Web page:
Robert A. Bonavito, CPA PC

What Should I Pay for a Small Business?

My name's Robert Bonavito, New Jersey forensic accountant. This video is part of a series of videos where I discuss forensic accounting topics for educational purposes only.

At some point in every body's life, they want to buy a small business. And the way they buy the business is they look at what businesses are selling for and they make an offer. But that's not how you should do it. You should actually try to calculate how much you want to buy the business for. That's what we do a lot of, that's why we're here, and all the time we're going in and doing valuations for people who are potentially looking to buy a business. But I'm going to discuss three simple methodologies that you can use to value a business or at least get information together on it, and it's the asset, ratio and income.

The asset, let's use the example of a laundromat. A lot of people, for some reason, like to buy laundromats, maybe because it's a cash business. But if you're going to buy a laundromat, you would look at the assets, which would be the dryers and the washing machines, and you'd figure out how many dryers they had and what the cost or value of those was. And once you figured that out, you would know what the business is worth as an asset. You'd basically make a list of everything they had and estimate the value, and that's how much you'd buy the business for.

Or you could do a ratio. This is what we do. We have proprietary information databases we go to to figure out what laundromats are selling for. For example, if sales are a $100,000, maybe they sell for three times sales. Well, $100,000, it would sell for $300,000. This method is used on Wall Street, so it is a legitimate method if you can get good ratios. It gives you, at least, some kind of guideline if you're paying too much or too little. I encourage you to do some research in the industry to find out what is a ratio. The income, this is how most businesses are valued. And when I say income, it's usually net cash flow after all the expenses. And what you do is you project your income, estimate all your expenses, and whatever is left over after taxes is your net cash flow. And then what you do is take, like, five years and discount it back at a discount rate.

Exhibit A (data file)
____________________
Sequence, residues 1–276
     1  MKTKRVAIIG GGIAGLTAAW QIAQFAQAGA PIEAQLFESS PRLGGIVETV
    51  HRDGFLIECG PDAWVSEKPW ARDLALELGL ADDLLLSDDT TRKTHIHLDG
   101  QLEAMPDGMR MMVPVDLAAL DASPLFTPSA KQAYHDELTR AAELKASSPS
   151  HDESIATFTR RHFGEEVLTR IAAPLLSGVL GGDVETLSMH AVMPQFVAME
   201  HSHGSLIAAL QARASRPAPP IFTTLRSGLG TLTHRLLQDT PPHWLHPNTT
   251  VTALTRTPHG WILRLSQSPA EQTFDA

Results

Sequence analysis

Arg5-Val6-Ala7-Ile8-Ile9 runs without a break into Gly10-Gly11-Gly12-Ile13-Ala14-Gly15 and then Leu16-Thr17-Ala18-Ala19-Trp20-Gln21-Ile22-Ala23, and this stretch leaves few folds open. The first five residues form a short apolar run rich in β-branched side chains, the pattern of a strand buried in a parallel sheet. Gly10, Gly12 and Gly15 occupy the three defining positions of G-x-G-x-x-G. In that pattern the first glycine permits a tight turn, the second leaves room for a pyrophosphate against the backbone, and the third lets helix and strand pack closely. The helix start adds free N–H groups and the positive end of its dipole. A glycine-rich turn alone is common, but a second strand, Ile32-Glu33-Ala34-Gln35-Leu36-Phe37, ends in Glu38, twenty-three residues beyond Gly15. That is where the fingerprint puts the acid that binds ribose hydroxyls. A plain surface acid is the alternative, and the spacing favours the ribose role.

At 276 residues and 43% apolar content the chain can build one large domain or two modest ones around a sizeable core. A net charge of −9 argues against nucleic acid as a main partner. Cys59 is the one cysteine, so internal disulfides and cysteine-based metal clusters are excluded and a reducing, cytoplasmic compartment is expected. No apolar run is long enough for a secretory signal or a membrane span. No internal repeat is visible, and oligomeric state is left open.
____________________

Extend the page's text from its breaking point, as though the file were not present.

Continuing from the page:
These three methodologies are used on Wall Street. Of course, it's much more detailed and sophisticated, and it takes a tremendous amount of time. But anyone who's looking to buy a business should sit down and think about these methods, see if they can get any kind of information on the business, just to get an idea. Maybe they want $300,000 for a business, but when you look at these methodologies, you're saying, "Well, it's only worth $200,000." I see it often, where businesses are way overpriced or underpriced because no one has done this work here, and actually figure out what these type of businesses are selling for. If any questions on this video, please feel free to call me.

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